Constitutionality of Military Commission Trials in Doubt
Washington, DC (June 12, 2008) -- For the third time, the U.S. Supreme Court has ruled against the Bush Administration’s arguments that federal courts have no jurisdiction over persons deemed “unlawful combatants” by U.S. military forces, at Guantanamo and overseas.
“As today’s decisions emphatically make clear, neither Congress nor the Executive Branch can create ‘law-free’ zones, at Guantanamo or anywhere else within the jurisdiction of the United States, where the federal courts cannot inquire into the legality of the detention,” said Carmen D. Hernandez, president of the National Association of Criminal Defense Lawyers (NACDL). “The federal judiciary can now examine the legality of the military detention and commission trial system in its entirety.”
Hernandez was praising the Court’s decisions in Boumediene v. Bush, in which Guantanamo detainees challenged the constitutionality of their detentions under the Detainee Treatment Act and the Military Commissions Act, and the unanimous decision Munaf v. Geren, which held that the habeas corpus clause extends to U.S. citizens held in detention by U.S. forces and coalition forces in Iraq.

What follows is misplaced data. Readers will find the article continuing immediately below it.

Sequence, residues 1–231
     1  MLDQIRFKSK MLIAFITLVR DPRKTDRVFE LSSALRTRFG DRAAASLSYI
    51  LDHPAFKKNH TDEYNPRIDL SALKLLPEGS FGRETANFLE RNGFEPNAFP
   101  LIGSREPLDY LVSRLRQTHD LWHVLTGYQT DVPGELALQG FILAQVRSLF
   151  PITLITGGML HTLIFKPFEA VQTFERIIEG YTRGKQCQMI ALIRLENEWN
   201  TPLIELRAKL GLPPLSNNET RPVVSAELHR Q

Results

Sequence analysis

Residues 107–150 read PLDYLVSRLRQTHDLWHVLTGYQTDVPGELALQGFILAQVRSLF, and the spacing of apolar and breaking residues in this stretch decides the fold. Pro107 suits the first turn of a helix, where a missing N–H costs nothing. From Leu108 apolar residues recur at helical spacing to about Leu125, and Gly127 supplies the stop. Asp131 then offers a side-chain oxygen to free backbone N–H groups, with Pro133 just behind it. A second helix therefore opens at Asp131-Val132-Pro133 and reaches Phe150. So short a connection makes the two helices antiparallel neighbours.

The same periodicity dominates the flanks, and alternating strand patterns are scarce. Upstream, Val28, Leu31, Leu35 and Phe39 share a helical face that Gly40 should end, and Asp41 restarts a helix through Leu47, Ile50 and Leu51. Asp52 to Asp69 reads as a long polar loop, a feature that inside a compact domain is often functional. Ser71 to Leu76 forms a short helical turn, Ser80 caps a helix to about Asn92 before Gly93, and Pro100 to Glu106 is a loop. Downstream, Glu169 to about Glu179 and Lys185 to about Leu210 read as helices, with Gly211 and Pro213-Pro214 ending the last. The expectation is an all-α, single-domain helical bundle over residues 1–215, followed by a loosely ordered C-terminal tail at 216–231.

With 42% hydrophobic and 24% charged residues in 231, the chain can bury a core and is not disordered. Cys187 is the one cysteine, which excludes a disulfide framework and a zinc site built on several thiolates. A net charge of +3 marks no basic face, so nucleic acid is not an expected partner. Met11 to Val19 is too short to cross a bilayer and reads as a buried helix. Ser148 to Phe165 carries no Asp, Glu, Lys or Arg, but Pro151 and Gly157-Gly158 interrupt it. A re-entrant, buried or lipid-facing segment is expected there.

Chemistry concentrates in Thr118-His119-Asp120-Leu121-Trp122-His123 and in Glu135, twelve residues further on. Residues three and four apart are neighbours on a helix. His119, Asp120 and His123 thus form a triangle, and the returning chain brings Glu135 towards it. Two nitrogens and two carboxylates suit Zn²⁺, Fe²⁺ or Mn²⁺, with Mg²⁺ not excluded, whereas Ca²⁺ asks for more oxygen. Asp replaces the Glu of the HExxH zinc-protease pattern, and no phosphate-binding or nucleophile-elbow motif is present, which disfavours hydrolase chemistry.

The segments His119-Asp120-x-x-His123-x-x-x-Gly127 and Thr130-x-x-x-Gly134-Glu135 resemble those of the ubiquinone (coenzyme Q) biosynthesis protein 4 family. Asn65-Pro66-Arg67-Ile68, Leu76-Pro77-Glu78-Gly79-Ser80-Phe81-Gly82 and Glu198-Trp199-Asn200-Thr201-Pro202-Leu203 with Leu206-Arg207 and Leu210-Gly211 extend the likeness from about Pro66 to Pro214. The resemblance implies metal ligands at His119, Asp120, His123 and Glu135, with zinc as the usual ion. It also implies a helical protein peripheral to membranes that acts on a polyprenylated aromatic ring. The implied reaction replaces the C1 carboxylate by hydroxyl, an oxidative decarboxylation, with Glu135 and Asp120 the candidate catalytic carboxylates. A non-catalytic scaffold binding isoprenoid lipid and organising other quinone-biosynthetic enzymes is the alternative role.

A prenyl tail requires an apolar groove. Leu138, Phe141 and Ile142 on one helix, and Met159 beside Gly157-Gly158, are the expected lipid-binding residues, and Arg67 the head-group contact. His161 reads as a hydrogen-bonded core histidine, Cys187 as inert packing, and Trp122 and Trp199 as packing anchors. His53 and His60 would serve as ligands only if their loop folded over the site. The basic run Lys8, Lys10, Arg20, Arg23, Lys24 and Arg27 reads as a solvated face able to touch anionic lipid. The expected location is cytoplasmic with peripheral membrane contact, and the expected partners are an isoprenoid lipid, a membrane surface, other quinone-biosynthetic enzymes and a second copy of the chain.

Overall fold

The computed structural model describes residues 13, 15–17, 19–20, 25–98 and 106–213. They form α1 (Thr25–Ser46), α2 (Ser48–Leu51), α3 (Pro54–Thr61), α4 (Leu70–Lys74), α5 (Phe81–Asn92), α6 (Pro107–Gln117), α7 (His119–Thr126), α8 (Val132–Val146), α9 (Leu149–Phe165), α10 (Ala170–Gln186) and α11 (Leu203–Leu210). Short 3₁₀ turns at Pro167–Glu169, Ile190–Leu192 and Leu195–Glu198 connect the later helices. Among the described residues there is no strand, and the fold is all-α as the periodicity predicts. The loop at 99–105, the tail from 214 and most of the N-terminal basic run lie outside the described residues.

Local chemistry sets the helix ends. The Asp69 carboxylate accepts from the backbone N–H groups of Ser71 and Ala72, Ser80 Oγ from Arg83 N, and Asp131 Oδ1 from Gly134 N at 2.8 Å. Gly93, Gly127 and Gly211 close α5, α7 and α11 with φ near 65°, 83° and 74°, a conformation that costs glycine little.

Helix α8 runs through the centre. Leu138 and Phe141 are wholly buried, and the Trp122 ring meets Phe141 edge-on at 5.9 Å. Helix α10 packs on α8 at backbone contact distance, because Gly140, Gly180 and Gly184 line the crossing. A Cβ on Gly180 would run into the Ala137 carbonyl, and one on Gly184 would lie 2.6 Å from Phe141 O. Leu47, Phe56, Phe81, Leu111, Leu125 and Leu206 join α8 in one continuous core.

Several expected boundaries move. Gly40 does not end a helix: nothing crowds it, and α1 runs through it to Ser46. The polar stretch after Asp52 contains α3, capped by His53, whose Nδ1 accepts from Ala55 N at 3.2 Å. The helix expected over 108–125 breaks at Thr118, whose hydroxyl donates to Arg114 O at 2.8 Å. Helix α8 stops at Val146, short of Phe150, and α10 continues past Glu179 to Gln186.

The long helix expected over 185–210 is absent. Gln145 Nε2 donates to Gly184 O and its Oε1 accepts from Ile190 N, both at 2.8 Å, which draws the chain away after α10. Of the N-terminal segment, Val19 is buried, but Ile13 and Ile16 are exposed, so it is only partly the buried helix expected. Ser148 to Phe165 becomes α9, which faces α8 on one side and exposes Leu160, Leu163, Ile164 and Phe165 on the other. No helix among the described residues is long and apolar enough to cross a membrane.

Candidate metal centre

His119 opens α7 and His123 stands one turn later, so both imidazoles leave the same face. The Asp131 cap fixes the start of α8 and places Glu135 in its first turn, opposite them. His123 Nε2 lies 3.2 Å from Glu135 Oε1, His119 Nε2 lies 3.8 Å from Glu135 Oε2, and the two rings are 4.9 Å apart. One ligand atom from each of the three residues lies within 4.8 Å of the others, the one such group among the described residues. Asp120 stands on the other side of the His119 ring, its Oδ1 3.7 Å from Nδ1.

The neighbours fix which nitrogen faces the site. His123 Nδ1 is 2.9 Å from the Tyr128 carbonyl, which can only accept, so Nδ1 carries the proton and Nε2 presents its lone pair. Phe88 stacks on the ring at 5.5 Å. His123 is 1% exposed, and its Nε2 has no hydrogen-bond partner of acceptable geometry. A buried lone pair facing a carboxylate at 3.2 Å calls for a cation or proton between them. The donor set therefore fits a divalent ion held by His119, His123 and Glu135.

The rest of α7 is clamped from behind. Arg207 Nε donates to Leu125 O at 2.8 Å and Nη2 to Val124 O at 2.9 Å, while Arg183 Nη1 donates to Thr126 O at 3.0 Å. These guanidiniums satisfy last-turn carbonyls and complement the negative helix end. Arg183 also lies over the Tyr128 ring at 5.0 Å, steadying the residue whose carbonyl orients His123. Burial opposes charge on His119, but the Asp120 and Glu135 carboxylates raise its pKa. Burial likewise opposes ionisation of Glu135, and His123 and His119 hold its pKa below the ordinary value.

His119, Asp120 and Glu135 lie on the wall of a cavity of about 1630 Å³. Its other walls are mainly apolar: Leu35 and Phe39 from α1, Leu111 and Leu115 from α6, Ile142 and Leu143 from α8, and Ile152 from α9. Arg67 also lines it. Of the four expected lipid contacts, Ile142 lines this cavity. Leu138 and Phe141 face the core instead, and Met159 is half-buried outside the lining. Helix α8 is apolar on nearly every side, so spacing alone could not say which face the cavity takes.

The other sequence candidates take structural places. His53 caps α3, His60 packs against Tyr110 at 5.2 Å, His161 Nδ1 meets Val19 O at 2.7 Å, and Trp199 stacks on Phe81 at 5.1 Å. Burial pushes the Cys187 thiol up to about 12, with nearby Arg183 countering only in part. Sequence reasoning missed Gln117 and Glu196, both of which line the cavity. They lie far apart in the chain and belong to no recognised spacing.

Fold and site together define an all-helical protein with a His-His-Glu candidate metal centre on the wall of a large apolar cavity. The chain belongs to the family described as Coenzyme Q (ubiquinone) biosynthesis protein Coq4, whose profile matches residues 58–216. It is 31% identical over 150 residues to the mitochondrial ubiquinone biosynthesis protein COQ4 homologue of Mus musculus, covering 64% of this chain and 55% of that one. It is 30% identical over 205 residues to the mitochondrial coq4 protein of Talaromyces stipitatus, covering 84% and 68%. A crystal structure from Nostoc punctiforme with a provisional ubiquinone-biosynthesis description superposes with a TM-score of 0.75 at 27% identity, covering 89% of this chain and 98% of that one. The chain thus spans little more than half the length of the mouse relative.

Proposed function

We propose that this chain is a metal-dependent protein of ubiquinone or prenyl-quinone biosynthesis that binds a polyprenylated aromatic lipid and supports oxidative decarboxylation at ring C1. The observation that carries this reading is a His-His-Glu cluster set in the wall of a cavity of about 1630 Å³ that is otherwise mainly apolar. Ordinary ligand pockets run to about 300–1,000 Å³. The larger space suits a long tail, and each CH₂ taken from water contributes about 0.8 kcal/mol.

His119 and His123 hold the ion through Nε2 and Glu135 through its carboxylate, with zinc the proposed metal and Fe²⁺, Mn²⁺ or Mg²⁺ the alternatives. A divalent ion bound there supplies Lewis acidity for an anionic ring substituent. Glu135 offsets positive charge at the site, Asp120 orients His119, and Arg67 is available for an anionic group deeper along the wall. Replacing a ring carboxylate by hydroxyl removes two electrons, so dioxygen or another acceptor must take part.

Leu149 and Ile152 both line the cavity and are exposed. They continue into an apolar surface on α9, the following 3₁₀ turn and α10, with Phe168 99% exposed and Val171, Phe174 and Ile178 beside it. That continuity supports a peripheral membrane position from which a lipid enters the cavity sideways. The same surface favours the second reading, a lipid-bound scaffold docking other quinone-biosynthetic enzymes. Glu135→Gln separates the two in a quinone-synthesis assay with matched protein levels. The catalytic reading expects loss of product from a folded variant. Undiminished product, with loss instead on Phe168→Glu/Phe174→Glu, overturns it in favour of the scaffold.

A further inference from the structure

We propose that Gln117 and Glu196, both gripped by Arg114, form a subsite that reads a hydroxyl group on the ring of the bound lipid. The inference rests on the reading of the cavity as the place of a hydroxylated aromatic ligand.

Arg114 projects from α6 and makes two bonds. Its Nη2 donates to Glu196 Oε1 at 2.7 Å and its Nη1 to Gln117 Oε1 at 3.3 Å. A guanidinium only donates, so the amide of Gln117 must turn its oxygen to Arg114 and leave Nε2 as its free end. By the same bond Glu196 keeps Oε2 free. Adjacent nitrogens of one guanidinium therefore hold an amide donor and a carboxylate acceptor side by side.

“Separation of powers is central to our form of government,” Hernandez said. “It is the courts’ role to check the legality of acts of Congress and Executive actions affecting individual liberty and freedom. As James Madison put it over 200 years ago, the concentration of all powers in the same hands, whether of one or many, is ‘the very definition of tyranny.’
“Today’s decisions call the administration’s entire overseas detention program into question,” she said.
A friend-of-the-court brief filed by 17 prominent rights organizations, including NACDL, is posted on the association’s Web site at:
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